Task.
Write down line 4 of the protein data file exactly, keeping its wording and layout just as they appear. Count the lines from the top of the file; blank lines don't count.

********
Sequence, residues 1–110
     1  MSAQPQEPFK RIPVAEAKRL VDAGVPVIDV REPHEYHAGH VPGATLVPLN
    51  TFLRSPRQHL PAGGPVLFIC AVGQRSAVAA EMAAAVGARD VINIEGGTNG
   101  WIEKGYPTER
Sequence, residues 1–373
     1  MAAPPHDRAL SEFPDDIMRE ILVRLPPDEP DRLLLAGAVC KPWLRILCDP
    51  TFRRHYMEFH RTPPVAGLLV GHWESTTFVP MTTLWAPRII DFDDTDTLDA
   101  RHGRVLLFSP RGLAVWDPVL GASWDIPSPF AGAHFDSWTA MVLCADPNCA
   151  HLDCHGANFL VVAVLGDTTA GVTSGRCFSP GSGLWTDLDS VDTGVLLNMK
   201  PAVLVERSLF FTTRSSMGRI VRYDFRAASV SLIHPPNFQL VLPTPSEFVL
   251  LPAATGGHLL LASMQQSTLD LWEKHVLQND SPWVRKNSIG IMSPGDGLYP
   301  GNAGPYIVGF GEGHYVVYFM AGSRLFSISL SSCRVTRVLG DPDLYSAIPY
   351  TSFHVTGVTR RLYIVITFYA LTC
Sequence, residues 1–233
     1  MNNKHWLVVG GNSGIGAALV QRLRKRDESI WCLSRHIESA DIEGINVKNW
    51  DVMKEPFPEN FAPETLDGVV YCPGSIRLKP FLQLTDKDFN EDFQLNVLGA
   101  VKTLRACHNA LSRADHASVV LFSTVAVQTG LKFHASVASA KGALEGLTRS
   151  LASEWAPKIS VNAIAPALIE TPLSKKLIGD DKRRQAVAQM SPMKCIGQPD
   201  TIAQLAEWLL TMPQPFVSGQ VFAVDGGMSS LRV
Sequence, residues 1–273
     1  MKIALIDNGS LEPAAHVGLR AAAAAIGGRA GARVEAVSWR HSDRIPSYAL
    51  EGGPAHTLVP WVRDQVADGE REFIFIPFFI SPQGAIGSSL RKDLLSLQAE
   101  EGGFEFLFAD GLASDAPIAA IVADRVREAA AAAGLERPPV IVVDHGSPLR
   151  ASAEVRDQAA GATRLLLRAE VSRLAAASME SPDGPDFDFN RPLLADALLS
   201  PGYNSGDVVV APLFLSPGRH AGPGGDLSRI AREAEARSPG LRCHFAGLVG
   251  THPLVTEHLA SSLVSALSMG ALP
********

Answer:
   101  WIEKGYPTER